Perri Kasen, 2013 GHLI Fellow
Now that I’ve settled back into a routine in New Haven, it almost feels like my summer in Ghana was a dream. The hustle and bustle of the tro-tro stations, the smell of banku and tilapia wafting into my apartment, the infectious music that forces you to move, and the sense that all of humanity is one large family – I miss it all immensely.
With the recent conclusion of the ongoing election trial in the Supreme Court, real progress can be made on implementing the 2012 Mental Health Act in its entirety. With President John Dramani Mahama no longer preoccupied by the court proceedings, he can resume his political work – including establishing a Mental Health Authority and Mental Health Fund to support this Act. Further, the 2013 cohort of Psych Corps has been orientated and deployed across the country to perform community mental health work.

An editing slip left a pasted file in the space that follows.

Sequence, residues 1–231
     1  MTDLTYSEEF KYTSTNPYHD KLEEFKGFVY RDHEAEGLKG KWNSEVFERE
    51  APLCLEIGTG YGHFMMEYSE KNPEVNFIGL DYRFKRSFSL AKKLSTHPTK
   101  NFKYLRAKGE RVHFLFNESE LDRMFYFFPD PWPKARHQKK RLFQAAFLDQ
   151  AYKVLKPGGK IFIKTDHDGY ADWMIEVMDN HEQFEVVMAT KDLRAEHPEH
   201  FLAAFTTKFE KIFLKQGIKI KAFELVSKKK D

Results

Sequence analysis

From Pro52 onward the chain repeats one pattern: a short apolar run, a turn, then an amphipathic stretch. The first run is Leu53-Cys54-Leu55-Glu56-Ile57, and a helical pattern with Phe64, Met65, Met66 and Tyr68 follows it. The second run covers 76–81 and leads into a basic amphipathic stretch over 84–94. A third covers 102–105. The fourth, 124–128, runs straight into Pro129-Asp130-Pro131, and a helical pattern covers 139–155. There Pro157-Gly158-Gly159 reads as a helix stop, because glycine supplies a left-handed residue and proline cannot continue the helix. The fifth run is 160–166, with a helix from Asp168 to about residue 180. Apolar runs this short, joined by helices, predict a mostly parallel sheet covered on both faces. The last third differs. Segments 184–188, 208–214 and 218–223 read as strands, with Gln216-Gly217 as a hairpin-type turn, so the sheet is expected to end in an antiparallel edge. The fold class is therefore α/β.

On a personal level, this summer solidified my desire to work in health systems strengthening within developing countries, yet also showed me how frustrating and difficult this type of work can prove to be. I experienced firsthand how stigma, insufficient funding, lackluster political will, and a lack of awareness of an issue can hinder success in implementing grand strategies in global health. Overcoming such complex hurdles requires true cooperation and continued collaboration for effective and sustainable change to occur. Despite the many obstacles the Ghanaian delegation continues to face in ramping up access to quality mental healthcare, I am hopeful that those championing the cause can muster enough political support to see true improvement. I am so grateful for this experience and am positive that the lessons I learned and people I met during my Ghanaian summer will stay with me as I embark on a career as a global health practitioner.